The film is a descent of a man through the bowels of society and into madness, daring you to find some kind of empathy for Arthur; not so much for what he does but, for the person that was abandoned, dejected and ostracized by everyone around him. Its part black comedy, mostly tragedy but to be objectively honest is the story of someone finding purpose.
Grant Morrison once said on Kevin Smith’s Fatman podcast that Batman is the story of someone taking tragedy and finding purpose and meaning in it. Taking his symbols, attributes and resources to find purpose and meaning in this existence and that is button that Batman touches and pushes in all of us. That desire to be a hero and make meaning of our individual effections. Now take that idea and flip it on itself; that’s the center of Todd Phillips’ Joker film, taking tragedy and finding purpose but, in a destructive way.
Todd Phillips really did craft together all the right elements to make this superb piece of art that will be deconstructed and analyzed for years to come.
Another key component of the film is the score by Emmy Award-winning composer Hildur Guðnadóttir (Chernobyl, Sicario: Day of the Soldado) which is its own character and drives the moody emotional notes of the film. The score was recorded before filming and was used on set during filming inspiring a lot of Phoenix’s performance in the film. The soundtrack gave the experience even more of a cinematic experience rather than just another comic book film. Tear inducing.
I’ve seen JOKER three times already and it’s damn near a billion dollar film by the time you’re reading this. Much deserved and earned achievement in spite of the media and what that CIA-Psyop called TWITTER had to say to mute the film for whatever reason.
Maybe all the paranoia and hysterics was instigated by Cancel Culture, maybe it was sjw’s, maybe it was sycophantic Disney fanboys obligated and compelled to protect the supremacy of their beloved brand or maybe it was just another attempt at creating a cheap incident via media, “creating the fires instead of reporting them.” It was a valiant yet impotent effort by all those CHUD’s mentiioned. Because the movie speaks for itself, it’s art. It’s fiction. It’s the origin story of a super villain and that’s what it is.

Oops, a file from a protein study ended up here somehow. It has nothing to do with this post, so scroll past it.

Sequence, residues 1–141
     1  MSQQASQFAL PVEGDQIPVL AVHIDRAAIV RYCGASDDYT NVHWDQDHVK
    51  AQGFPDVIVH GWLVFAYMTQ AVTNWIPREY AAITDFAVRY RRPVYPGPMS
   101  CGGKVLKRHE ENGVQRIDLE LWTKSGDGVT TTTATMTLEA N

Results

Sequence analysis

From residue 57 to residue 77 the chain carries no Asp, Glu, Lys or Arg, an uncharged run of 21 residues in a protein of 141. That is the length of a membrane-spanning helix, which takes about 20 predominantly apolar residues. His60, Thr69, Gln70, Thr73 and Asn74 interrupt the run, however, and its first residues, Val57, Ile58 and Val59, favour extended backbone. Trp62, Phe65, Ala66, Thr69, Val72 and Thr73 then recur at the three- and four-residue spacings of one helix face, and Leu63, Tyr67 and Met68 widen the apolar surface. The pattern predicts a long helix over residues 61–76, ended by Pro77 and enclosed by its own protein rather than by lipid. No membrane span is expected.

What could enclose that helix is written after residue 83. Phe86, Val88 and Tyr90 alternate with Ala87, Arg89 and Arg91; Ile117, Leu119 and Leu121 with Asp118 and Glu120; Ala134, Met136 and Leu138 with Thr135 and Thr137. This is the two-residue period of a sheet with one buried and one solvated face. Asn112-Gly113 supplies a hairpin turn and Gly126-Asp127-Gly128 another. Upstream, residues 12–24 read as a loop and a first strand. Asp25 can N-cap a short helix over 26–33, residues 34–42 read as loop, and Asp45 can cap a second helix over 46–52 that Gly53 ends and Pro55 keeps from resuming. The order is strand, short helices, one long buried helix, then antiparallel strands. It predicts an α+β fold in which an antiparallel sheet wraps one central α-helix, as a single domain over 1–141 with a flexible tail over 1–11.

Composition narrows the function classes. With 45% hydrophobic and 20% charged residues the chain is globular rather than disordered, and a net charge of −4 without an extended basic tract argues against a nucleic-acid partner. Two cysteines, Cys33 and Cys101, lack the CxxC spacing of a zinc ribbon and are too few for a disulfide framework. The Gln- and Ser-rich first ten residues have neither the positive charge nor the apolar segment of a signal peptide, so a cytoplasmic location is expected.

No one bats an eye when John Wick expertly and stylistically mercs hundreds of people in a franchise that is hyped and praised by the public as well myself. And I’ve never overheard soccer moms at the PARK PLACE MALL gossip and gasp over the gore, mutilation and murder of dozens of people during DEADPOOL. Actually, they line up to take their children to the film and even dress their sons up as the Merc with the Mouth.
However, I guess, if it’s violent at least make it tongue & cheek. Treat it like comedy, slap shtick, Looney Tunes, if people are going to die then dehumanize them-write them as two-dimensional bad guys, twirling their mustaches over jagged grins. Most people can only take violence if it’s sanitized, covered in sprinkles and deflated of humanity. People can only take the world if its sugar coated.
Perhaps that was the problem with the JOKER because, although there are only maybe seven deaths. Those deaths are presented as realistic as the real world can be. These aren’t demons, these are regular people living in our real world acting as apathetic and self-serving as we can and are in our society. If that’s not your behavior – it is behavior you’ve allowed and ignore on a daily basis.
2019’s JOKER is the story of Gotham creating its greatest monster. It’s the story of our society creating its own illness. And if you ask me, sometimes we do get what we deserve.
So in closing, I hope the directing, script, cinematography and acting receives all the nominations this year. And if any normie, or cinematic universe nerd try’s telling you this is too bleak and grim and isn’t a comic book movie, well I suggest you pull their nerd card and ask them, “You think this is dark? Have you ever read a Batman comic or any comic book, ever? Because, it gets pretty dark in the comic books and comics aren’t just for kids.”
It’s my favorite film of the year; unless Lighthouse (starring Robert Pattinson and Willam Dafoe) surprises me this evening.
JOKER directed by Todd Phillips and starring Joaquin Phoenix is a must see for everyone.
P.S. I love the fact that the man who made the GG ALLIN: Hated documentary back in the day is the one that directed this film in 2019. THUMBS UP, Punk rocker.
Stay classy, keep smiling, and keep your fingers on the Rewind button. “THAT’S LIFE”.